What is a Mycotoxin?
Mold produces a byproduct as it grows and matures. That byproduct is called a mycotoxin. The US National Library of Medicine, National Institute of Health states, “Mycotoxins are secondary metabolites produced by mold." As the name implies, it is a toxin.
Mycotoxins & Mold Can Make a Person Sick
The US National Library of Medicine, National Institute of Health continues its comments by stating “metabolites produced by mold are capable of causing disease and death in humans and other animals.”* Many of our mold-sick customers have health issues not only due to mold but the mycotoxins they produce.
Symptoms can widely range and affect many different organ systems, as suggested by author and practicing physician Neil Nathan M.D. He is author of Mold and Mycotoxins, Current Evaluation & Treatment (2016). He published the following list of symptoms:
- Muscle aches and cramps • Headaches
- Unusual pains (“ice pick” or “lightening bolt”)
- Abdominal pain, nausea, diarrhea
- Sensitivity to bright light, tearing, blurred vision
- Chronic sinus congestion
- Cough, chest pain, shortness of breath
- Joint pain with morning stiffness
- Cognitive impairment
- Skin sensitivity to light touch
- Appetite swings and weight gain
- Mood swings
- Numbness and tingling, often in unusual patterns
- Night sweats
- Frequent urination
- Temperature dysregulation
- Sensitivity to static electrical shocks
- Metallic taste in the mouth
- Excessive thirst • Impotence
Super Highway for Mold & Mycotoxins
Mycotoxin molecules are a much smaller molecule than the mold spore itself, making it easier to travel throughout a structure and ductwork. Mold spores are typically 1-6 microns, while human hair is about 100 microns and a mycotoxin metabolite is .1 micron. This small size, therefore, makes it easy to inhale or be absorbed through the skin.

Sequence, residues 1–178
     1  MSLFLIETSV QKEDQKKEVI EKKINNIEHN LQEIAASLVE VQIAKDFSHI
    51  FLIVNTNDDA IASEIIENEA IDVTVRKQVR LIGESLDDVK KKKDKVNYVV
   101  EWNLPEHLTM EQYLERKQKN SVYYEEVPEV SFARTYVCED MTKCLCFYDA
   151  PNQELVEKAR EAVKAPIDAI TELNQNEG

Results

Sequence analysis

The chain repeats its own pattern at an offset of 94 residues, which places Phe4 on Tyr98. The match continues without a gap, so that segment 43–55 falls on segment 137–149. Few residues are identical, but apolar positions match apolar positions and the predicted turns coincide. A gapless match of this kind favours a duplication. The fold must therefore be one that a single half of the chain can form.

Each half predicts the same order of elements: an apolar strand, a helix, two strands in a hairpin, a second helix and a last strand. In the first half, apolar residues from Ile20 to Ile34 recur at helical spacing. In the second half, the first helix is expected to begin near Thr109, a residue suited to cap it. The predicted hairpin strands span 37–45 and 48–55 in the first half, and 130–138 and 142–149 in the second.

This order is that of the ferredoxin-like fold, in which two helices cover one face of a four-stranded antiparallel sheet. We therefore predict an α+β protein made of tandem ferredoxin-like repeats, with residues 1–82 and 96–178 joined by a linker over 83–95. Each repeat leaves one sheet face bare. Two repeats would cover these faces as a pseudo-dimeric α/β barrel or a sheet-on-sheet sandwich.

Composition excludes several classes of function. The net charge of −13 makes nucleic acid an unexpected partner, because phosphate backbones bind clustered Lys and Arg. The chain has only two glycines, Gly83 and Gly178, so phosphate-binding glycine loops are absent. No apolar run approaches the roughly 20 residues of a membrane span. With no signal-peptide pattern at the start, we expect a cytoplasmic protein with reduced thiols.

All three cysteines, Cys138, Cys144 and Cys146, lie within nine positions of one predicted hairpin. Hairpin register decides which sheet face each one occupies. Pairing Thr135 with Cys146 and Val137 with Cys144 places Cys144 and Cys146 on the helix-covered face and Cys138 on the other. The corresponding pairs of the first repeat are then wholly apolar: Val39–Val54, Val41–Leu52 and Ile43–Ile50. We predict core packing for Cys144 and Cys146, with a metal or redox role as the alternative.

In today’s remediation process we should not only be concerned with mold removal but also these small molecules that can cause severe health issues. There are two areas of focus. The first is removal of all dust particulate where these molecules often land and take up residency. The second is in the ductwork and its role in distribution, which must be addressed in mold remediation projects. We always recommend duct and coil cleaning at the same time of mold remediation.
Mycotoxin Environmental Testing
Not all species of mold produces a toxic substance. But if we see obvious mold and know it has been there for several weeks, we should assume mycotoxins can be present without testing. A recent study of mold growing on wallpaper was determined to produce mycotoxins that were detectable in two weeks of colony growth. **
There are several labs that test for mycotoxins in the urine of suspected mold-sick patients, and there are only a couple of labs that test for mycotoxins in the environment. We find many patients will want the environmental tests to confirm their location of exposure, home, auto or work. We use RealTime Labs in these cases, which require dust samplings of the structure for evaluation. Testing is not always necessary if you understand the species of mold that produce mycotoxins. The most common include:
- Stachybotrys chartarum
- Aspergillus flavus
- Aspergillus fumigatus
- Aspergillus niger
- Aspergillus versicolor
- Fusarium verticilloides
- Penicillium chrysogenum
- Penicillium citrinum
- Penicillium brevicompactum
- Chaetomium globosum
As we all know, when you see mold, no matter what color, it needs to be removed. But how do we remove a .1 micron size molecule? Hepa filtration is only required to remove 99.97% of particles of .3 microns or larger. Not small enough. Air scrubbers remove airborne particles down to .3 microns. Still not small enough. In addition to the removal of all dust particulate, we find that newer fogging products, like MoldToxinKlear by US Enzyme, effectively ensure mycotoxin removal.
**Aerosolization of Mycotoxins after Growth of Toxinogenic Fungi on Wallpaper, August 2017, American Society for Microbiology, Applied and Environmental Microbiology. Aleksic B, Draghi M, Ritoux S, Bailly S, Lacroix M, Oswald IP, Bailly J-D, Robine E. 2017. Appl Environ Microbiol 83:e01001-17. https://doi.org/10 .1128/AEM.01001-17